Menu

Israel’s Idan Raichel in ‘stripped-down’ show sings and plays piano

Idan Raichel, on solo tour, has since shed his turban and dreadlocks.  COURTESY PHOTOIdan Raichel, on solo tour, has since shed his turban and dreadlocks. COURTESY PHOTOIsraeli world-music superstar Idan Raichel has undergone a transformation.

Gone are his signature dreadlocks and black turban. At least for a while, The Raichel Project he founded – incorporating performers and sounds from many different backgrounds – has taken a backseat.

Instead Raichel has gone on tour, performing a “stripped-down” show of songs and personal stories, jumping from acoustic to electric piano and percussion instruments.

One stop on the tour is The Music Center at Strathmore, where he appears Thursday, Feb. 22.

A descendant of Eastern European Jews, Raichel attributes his interest in multiethnic music to the fact that his parents, while music lovers, didn’t emphasize their particular musical heritage.

At age nine, Raichel began to play the accordion and later, keyboard. He used to invite different singers and musicians to play in his garage, in a sense anticipating The Raichel Project.

At different times featuring many as 95 singers and musicians, The Project served as a “musical ambassador representing a hopeful world in which artistic collaboration breaks down between people of different backgrounds and beliefs,” said Raichel, who has collaborated with such American pop stars as Dave Matthews and Alicia Keys.

“The Project was pioneering both in Israel and universally,” Raichel said. “It gave more opportunities for musicians and people to get to know each other. Everyone brought his or her own background and heritage to the mike to create a blend.”

“I’m very intrigued when artists step away from their larger bands and heavily produced concerts to focus on the purity of songwriting and the intimacy of a solo performance,” said Joi Brown, Strathmore’s vice president of programming. “In this tour, featuring work from his most recent recording, ‘Piano Songs,’ Idan shifts from the complexity of collaboration and inclusivity to such themes as family, fatherhood, loyalty and love. The music is compelling, personal and at the same time, beautifully universal.”

Raichel was a virtual unknown when he burst on the music scene with his breakthrough song “Bo’ee” (“Come”), blending Ethiopian voices and global pop.

Having performed all over to diverse audiences, he considers his “most-meaningful concert” to have been one he gave at an orphanage in India.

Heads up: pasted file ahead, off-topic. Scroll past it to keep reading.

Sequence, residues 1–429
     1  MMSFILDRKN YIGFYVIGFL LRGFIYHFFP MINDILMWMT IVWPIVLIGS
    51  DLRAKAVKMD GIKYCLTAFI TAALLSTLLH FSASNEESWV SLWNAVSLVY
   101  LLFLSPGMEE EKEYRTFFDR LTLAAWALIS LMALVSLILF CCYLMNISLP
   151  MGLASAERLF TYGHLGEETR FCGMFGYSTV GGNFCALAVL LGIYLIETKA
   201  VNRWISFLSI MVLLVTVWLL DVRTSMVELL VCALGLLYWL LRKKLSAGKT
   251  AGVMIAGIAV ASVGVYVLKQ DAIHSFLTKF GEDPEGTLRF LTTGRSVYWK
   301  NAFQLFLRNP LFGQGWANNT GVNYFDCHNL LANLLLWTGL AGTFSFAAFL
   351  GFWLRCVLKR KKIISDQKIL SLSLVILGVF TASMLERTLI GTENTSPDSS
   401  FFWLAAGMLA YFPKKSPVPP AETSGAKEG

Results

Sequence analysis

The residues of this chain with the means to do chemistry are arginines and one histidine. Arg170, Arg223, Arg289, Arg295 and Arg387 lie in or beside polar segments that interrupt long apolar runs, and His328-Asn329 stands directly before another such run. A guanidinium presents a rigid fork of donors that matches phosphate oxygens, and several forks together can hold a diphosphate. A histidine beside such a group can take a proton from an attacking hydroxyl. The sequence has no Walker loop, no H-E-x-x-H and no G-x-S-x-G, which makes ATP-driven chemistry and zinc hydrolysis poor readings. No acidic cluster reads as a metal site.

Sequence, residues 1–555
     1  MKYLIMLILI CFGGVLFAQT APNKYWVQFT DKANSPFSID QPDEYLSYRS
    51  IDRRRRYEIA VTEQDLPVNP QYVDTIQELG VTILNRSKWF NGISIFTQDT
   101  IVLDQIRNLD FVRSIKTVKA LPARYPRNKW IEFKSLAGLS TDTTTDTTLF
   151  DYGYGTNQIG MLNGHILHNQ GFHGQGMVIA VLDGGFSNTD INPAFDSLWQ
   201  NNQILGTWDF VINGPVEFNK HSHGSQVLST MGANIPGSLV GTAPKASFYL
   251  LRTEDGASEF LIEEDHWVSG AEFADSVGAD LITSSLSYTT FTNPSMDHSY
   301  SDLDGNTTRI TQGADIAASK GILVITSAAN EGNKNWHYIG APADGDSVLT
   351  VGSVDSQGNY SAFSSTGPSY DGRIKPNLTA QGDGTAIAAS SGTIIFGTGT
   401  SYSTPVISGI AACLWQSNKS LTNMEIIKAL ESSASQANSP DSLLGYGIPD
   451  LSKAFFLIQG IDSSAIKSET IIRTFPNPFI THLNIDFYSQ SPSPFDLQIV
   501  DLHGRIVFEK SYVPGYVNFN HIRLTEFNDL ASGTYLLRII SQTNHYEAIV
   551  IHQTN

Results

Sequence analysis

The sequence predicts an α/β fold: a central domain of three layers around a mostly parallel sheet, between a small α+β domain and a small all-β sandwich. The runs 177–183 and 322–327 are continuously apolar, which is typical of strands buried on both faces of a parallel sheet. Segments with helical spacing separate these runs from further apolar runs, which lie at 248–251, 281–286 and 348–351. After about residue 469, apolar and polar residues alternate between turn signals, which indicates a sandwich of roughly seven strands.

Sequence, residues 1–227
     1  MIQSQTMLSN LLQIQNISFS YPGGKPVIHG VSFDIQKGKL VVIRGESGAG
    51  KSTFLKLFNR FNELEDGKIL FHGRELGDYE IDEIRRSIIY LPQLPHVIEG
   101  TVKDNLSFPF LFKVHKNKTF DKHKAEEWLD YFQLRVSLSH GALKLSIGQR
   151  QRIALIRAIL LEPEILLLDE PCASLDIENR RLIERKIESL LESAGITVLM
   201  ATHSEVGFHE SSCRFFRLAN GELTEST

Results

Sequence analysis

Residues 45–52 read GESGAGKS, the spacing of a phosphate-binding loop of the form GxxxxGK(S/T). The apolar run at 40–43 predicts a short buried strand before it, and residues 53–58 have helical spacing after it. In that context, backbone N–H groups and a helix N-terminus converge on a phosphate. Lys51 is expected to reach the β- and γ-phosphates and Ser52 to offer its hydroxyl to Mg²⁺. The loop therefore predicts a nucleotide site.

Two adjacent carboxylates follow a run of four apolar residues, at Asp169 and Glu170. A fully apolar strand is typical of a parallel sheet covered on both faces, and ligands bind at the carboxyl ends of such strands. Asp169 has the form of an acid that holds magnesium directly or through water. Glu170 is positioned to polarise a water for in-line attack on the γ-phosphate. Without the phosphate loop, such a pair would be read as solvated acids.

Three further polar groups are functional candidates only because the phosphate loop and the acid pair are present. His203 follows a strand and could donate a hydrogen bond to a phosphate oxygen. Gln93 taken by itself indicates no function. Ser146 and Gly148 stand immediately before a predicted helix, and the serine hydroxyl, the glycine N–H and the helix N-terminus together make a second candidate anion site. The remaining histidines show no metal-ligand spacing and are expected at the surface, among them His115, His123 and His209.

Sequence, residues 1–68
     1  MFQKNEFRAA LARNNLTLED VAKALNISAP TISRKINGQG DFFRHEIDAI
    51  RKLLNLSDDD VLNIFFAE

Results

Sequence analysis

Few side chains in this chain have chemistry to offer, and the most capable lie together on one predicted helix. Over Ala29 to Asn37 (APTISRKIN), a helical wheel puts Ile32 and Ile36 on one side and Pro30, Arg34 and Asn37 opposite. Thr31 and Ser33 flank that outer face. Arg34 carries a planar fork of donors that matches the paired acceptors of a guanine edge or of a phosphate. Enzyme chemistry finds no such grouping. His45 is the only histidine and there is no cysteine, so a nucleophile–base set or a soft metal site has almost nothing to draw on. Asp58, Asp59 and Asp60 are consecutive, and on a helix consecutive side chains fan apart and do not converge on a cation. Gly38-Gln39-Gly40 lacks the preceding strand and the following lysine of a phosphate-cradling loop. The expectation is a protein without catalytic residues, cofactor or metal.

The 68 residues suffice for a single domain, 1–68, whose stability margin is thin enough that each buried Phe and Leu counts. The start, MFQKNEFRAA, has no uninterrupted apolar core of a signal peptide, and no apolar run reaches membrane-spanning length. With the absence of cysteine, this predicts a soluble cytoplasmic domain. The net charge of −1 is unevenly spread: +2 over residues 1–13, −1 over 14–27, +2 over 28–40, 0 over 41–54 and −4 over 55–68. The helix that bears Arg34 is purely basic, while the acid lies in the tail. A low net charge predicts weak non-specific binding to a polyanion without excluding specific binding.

“It was a kind of special morning,” he said. “The orphanage manager emailed me that he knew we were doing a concert nearby and asked if we could make it to the school. It might have been the first concert these children could afford and might be the last. We took them on a journey around the world. We sang different languages.”

Much as he enjoys touring, there’s no place like home.

“In Israel we’re mainstream, and when we leave we’re world-music,” he laughed. “Plus, Israelis know all the lyrics.”

In explaining his at least-temporary transition to solo, Raichel called it “fascinating to be on the road and be a storyteller. I’d love to listen to Beyoncé, for example or Paul Simon – do that without the big production.”

Going solo is also a “great opportunity” to share new material, although his one-man performances will include old songs as well, Raichel said.

The singer-musician also offers a personal reason for the transition. Now married with two daughters, 4 and 2 1/2, he declares himself “ready” to compose an album dedicated to his family. “Before, I wrote all the songs, and sometimes other people performed them,” he said. “But I couldn’t see asking other singers to sing these songs.”

Fans of The Raichel Project needn’t worry, though. He promises “it will always continue.”

Raichel’s concert begins at 8 p.m., at the Music Center of Strathmore, 5301 Tuckerman Lane, North Bethesda. At 6:45 p.m., a pre-concert panel discussion will explore “Music’s Cultural Diplomacy in the Middle East.”

For information and tickets, call 301-581-5100 or visit: www.strathmore.org.

@traininblank

 

back to top